National Physical Laboratory

Biotechnology Season's Greetings

Each year NPL likes to celebrate Christmas with something different. This page brings together some of our festive highlights from over the years, including the latest NPL makeover of 'The Twelve Days of Christmas'.

Xmas Tree 2011
On the twelfth day of Christmas,
  NPL gave to me ...

12 colour standards12 colour standards

The ceramic colour standards were first produced in 1969 in collaboration with industry, trade associations and academics to check instruments that measure colour. In 1983 they won the Queen's Award for Enterprise. More about NPL's History.

11 decades of science11 decades of science

NPL was founded in 1900 but our formal opening ceremony was held on 19th March 1902 by the Prince of Wales - marking 2012 as the end of our 11th decade.

10 science modules10 science modules

NPL's building is one of the most sophisticated measurement facilities in the world. Its design is based upon 10 interlinked scientific modules that enable us to manage different environmental controls such as noise, temperature, vibration and magnetic fields.

9 waveforms waving9 waveforms waving

The term 'waveform' often refers to the shape of a graph of varying quantity against time or distance, as measured and represented on an oscilloscope. NPL is developing a Quantum Voltage Synthesiser for generation of waveforms directly in terms of the Josephson effect.

8 metre photometry bench8 metre photometry bench

Photometry is the measurement of visible light in terms of its perceived brightness to human vision. The 8 metre bench is critical to our calibration services for industry. 

7 SI units7 SI units

The SI (Système International d'Unités) is a globally agreed system of units, with seven base units : ampere (A) - electric current; kilogram (kg) - mass (pictured); metre (m) - length; second (s) - time; kelvin (K) - thermodynamic temperature; mole (mol) - amount of substance; and candela (cd) - luminous intensity. More about the SI units.

6 frequencies of ultrasound6 frequencies of ultrasound

NPL has developed a unique reference vessel for cavitation which covers six key frequencies for ultrasound. We use this to investigate how the formation and implosion of tiny cavities, or bubbles, in liquid can be used to sterilise surgical tools, clean technological parts (including engines and glasses for sight correction) and develop new chemicals. 

5 hundred scientists5 hundred scientists

NPL's reputation relies on great people and exceptional scientists. NPL currently employs around 500 scientists from a wide range of backgrounds including physics, maths, engineering, chemistry, biology and environmental sciences. Our People.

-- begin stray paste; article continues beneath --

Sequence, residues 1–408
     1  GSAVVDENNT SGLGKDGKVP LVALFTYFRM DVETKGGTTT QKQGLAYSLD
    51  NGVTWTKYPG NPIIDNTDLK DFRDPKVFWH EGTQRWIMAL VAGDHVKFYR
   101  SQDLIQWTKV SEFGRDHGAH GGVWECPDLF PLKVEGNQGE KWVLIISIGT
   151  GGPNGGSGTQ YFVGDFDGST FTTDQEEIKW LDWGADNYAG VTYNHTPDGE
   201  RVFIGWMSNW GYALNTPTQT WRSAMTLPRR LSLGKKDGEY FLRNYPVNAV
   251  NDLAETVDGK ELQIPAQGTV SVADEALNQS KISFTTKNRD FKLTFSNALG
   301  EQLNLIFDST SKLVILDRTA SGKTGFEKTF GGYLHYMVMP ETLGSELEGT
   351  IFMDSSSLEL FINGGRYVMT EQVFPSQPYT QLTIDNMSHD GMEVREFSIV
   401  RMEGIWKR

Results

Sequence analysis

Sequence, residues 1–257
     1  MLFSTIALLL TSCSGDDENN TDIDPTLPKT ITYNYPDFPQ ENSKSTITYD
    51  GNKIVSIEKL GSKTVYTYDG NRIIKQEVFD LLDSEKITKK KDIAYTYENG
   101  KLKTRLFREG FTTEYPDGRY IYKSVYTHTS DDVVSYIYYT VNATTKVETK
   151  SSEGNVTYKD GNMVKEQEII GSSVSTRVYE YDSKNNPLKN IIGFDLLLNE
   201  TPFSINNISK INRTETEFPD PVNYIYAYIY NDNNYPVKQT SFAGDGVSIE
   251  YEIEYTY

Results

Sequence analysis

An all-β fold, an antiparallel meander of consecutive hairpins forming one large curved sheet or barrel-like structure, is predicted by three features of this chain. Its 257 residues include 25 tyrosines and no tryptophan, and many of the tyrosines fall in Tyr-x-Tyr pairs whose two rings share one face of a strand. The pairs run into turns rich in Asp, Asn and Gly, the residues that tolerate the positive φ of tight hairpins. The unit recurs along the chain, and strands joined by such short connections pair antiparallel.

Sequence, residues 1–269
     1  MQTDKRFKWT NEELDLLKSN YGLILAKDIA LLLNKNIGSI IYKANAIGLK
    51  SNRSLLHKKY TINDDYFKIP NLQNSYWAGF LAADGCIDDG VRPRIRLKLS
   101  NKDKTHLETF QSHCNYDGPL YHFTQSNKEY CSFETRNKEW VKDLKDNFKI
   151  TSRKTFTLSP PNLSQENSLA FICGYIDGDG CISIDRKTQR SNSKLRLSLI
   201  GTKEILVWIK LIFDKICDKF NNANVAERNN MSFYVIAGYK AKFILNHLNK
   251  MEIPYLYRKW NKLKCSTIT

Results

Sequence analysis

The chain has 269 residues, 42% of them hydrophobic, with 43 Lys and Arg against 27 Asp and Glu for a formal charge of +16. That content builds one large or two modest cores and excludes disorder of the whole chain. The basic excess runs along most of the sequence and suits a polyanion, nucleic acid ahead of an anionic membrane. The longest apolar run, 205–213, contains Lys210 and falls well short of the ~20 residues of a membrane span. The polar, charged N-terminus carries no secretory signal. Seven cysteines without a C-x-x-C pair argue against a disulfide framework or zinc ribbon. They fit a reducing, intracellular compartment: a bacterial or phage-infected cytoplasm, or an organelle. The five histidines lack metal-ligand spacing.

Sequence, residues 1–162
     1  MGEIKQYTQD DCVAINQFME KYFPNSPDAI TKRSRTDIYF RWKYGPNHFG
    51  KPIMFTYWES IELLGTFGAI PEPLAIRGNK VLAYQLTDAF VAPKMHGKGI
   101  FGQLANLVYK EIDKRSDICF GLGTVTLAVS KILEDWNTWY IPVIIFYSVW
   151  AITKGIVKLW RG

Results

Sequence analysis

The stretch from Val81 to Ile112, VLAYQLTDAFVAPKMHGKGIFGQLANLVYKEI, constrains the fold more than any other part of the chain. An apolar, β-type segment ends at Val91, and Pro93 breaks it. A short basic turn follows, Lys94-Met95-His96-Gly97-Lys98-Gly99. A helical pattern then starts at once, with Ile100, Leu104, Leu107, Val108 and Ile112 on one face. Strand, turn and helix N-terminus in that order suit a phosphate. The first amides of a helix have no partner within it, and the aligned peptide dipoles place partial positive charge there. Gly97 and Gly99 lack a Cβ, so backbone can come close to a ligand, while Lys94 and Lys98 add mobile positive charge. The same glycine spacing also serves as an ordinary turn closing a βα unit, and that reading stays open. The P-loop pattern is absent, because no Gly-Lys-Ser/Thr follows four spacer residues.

4 air quality networks4 air quality networks

Networks of ambient measurement sites exist to provide public health information, monitor compliance with UK and EU regulation, and further air quality modelling and research. NPL currently manages four networks on behalf of Defra: Heavy Metals, Black Carbon, Particle Counting & Speciation, and Polycyclic Aromatic Hydrocarbons.

3 phases of water3 phases of water

The triple-point temperature of a pure substance is a unique temperature at which the solid, liquid and vapour phases coexist in thermal equilibrium. Such points make ideal fixed points for the calibration of thermometers. The triple point of water has a special place in metrology as it is the basis for the definition of the units of temperature, the kelvin and the degree Celsius. Thus the temperature of the triple point of water is 273.16 K and 0.01 °C by definition.

2 trapped ions2 trapped ions

An ion trap confines two ions to a localised volume of space in a vacuum. An oscillating voltage is applied to the electrode structure yielding a dynamic electric field, which creates a potential that confines the charged particles. An individual trapped ion, cooled to within a fraction of a degree of absolute zero, can be used to make the world's most accurate atomic clock. An array of trapped ions may one day form the basis of a quantum computer.

and the world's most accurate clock... and the world's most accurate clock

NPL's caesium fountain atomic clock has been revealed to be the most accurate long-term timekeeper in the world. The clock, known as 'NPL-CsF2', is used as the primary frequency standard for the measurement of time in the UK and contributes to International Atomic Time and Universal Coordinated Time – the worldwide timescales used for global communications, satellite navigation and time stamping of financial transactions.

Watch some of our Christmas videos


Micro Video Thumb  Time Video Thumb

SI Xmas 2010

In 2010 NPL celebrated the 50th Anniversary of the SI units on its card. Find out more.

Christmas 1928

  • Christmas card from Sir Joseph Petavel, Director of NPL 1919 - 1936
  • Xmas 1928
  • Xmas 1928 2